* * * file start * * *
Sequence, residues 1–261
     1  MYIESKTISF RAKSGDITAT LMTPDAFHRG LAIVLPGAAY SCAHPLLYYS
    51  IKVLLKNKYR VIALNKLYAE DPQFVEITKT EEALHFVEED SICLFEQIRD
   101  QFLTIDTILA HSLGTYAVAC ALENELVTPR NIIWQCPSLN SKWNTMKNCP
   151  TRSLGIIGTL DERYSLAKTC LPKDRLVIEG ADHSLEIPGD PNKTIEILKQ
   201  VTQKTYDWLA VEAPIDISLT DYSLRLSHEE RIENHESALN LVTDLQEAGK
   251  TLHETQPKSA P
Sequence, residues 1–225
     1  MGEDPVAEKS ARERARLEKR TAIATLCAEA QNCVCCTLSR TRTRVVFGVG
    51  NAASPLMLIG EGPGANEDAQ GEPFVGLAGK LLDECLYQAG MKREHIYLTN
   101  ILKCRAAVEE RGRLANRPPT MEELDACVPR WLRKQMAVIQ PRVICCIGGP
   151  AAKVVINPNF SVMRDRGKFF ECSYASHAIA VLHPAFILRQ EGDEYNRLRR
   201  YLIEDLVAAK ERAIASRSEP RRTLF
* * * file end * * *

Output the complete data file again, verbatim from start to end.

Sequence, residues 1–261
     1  MYIESKTISF RAKSGDITAT LMTPDAFHRG LAIVLPGAAY SCAHPLLYYS
    51  IKVLLKNKYR VIALNKLYAE DPQFVEITKT EEALHFVEED SICLFEQIRD
   101  QFLTIDTILA HSLGTYAVAC ALENELVTPR NIIWQCPSLN SKWNTMKNCP
   151  TRSLGIIGTL DERYSLAKTC LPKDRLVIEG ADHSLEIPGD PNKTIEILKQ
   201  VTQKTYDWLA VEAPIDISLT DYSLRLSHEE RIENHESALN LVTDLQEAGK
   251  TLHETQPKSA P
Sequence, residues 1–225
     1  MGEDPVAEKS ARERARLEKR TAIATLCAEA QNCVCCTLSR TRTRVVFGVG
    51  NAASPLMLIG EGPGANEDAQ GEPFVGLAGK LLDECLYQAG MKREHIYLTN
   101  ILKCRAAVEE RGRLANRPPT MEELDACVPR WLRKQMAVIQ PRVICCIGGP
   151  AAKVVINPNF SVMRDRGKFF ECSYASHAIA VLHPAFILRQ EGDEYNRLRR
   201  YLIEDLVAAK ERAIASRSEP RRTLF